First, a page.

At the Career Center, we don’t just follow best practices when it comes to creating interview materials. We see them lived out every single day. Corporate executives, business professionals, educators, nonprofit leaders, and more have all shared what it takes to move a resume from the bottom to the top of the pile. Does yours have what it takes?
Have Your Resume Reviewed
Stop by for a drop-in resume review appointment. We’re here in Lucina Hall Monday through Friday, between 1 p.m. and 4 p.m. Whether you’ve never created a resume, or if you’ve had one for years, we’ll provide insights and strategies to make sure you’re all set to impress.
Resume Tips and Best Practices
Although you’ve spent a lot of time gaining experience in your field of study, it isn’t always easy to describe those experiences. Sometimes, it helps to see examples of what others are doing with their own application materials, and a little advice can go a long way toward helping you emerge as the strongest candidate for the job.
When you sit down with us to review your resume and other application materials, here’s how it will work: We’ll talk about your career goals, and then we’ll make sure that the career story you’re telling on paper will be a clear and compelling message.
Spend some time reviewing the examples below, and if you’d like to see how your resume and other materials measure up, connect with us today.
Connect With a Career Coach
Each resume sent to employers should always include an introductory cover letter. If sending a paper copy, be sure to print and sign your cover letter. You may also email your signed cover letter as a PDF, depending on the employer.
A well-prepared portfolio can be a tool that sets you apart from any other job candidate. It is designed to showcase your achievements, the scope and quality of your experience and training, and your skills and abilities.
Organizing Your Portfolio
- Determine the skills necessary for the job you will be interviewing for.
- Choose items that will document how you have used those skills for the employer.
- Provide a loose leaf portfolio notebook and/or an online, digital version.
- Use clear page protectors to preserve your materials and to make rearranging your portfolio easy.
- Arrange your portfolio to show how your abilities relate to the employer's needs.
- Label the different sections for ease of finding information in the portfolio.
What to Include
- a copy of your resume
- an official copy of your transcript
- a fact sheet, in list form, that displays your skills and what you like to do
- a list of experiences that do not fit into your resume
- certificates of awards, honors, and special training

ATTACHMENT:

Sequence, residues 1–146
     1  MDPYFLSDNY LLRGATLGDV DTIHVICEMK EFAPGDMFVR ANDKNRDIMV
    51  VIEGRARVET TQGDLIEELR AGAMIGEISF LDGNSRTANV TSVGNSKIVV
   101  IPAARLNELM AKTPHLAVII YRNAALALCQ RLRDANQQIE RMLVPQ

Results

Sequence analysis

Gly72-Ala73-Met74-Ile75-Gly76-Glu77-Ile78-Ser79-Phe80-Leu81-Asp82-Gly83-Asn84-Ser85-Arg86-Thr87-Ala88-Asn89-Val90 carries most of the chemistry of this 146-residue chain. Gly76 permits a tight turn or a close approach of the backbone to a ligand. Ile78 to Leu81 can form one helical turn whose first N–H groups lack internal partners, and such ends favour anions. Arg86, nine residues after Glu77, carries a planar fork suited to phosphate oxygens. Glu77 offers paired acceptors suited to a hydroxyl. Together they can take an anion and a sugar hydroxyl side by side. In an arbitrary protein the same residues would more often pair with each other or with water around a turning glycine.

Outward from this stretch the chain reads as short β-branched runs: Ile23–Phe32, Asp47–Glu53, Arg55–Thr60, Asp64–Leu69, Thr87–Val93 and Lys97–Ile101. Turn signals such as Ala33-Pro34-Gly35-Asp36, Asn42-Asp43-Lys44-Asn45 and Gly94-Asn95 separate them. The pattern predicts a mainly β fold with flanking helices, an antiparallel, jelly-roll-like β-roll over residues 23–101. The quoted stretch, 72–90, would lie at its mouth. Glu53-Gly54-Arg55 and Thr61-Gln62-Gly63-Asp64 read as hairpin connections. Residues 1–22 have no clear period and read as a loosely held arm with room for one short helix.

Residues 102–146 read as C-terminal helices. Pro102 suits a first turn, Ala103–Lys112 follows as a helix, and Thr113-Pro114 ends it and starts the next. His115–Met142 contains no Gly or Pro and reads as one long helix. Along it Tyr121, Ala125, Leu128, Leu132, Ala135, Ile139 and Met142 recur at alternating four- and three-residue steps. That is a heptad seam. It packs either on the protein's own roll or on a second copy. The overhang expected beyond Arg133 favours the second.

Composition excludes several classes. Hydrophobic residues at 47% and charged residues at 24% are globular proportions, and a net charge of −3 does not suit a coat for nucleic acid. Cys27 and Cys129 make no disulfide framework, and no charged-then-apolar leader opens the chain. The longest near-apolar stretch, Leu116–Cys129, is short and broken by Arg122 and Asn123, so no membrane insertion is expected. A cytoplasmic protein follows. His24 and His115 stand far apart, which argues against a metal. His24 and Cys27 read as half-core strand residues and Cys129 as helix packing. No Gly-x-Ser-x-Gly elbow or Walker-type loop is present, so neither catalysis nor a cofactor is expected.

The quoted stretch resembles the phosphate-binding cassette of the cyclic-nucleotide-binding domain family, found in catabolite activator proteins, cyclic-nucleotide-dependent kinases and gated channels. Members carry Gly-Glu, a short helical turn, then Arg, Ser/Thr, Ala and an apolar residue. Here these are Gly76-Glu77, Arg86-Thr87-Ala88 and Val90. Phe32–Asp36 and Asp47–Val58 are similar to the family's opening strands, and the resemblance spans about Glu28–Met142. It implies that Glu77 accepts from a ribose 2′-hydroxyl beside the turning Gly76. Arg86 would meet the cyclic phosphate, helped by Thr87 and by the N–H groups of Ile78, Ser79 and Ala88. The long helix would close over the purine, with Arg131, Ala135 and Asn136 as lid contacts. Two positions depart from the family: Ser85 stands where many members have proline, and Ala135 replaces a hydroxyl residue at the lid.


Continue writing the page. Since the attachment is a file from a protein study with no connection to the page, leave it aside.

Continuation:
- a program from an event you planned or in which you participated as part of a class project or campus organization
- a list and description of conferences and workshops you have attended
- writing samples
- documentation of technical or computer skills
- letters of commendation or thanks
- letters of nomination to honors and academic organizations
- newspaper articles that address some achievement
- internship or co-op summary report
If you are seeking a teaching position, you may want to add
- student teaching evaluation materials
- sample lesson plans
- a link to a digital recording of your teaching
- sample syllabi
- pictures of bulletin boards or other projects you designed
- teaching tools you have created
- information about a field trip or other event you organized
- pictures of yourself working with students
In addition to the kinds of materials in your traditional portfolio, a digital portfolio might include an expanded version of your resume, audio and video clips, an email link, a link to Ball State's website as well as one to your major department's pages, a link to the curriculum for your major, and other appropriate links.
You will need to be prepared to write various types of letters for your job search, including cover letters, acceptance letters, and eventually letters of resignation. You’ll also need to write thank-you notes to everyone who assists you in your job search and everyone who interviews you.
Read example letters (PDF).
Reference lists are typically a separate page of your application and not part of your resume. References might be current or former supervisors, faculty, student organization advisors, and other people who know you professionally. References are not your family, friends, or neighbors unless the application specifically calls for personal references.
Let Us Guide You Through Your Journey
We have services and resources to meet your needs depending on which of the following stages of your career journey you are in. So at which stages is it most useful to use the services described on this page? See below!
Let our career experts, professional network, and tools guide you through some of your earliest choices.
Resumes, interviews, workplace etiquette, and more play such a large role in making sure you’ll earn a future job offer.
We’re here to make sure you find the best connections, the strongest networks, and the best experiences.
Make the Transition
Ready to leap from classroom to professional world? We’re here to help you with job postings, on-campus interviewing, job fairs, and more.
Learn More About Career Stages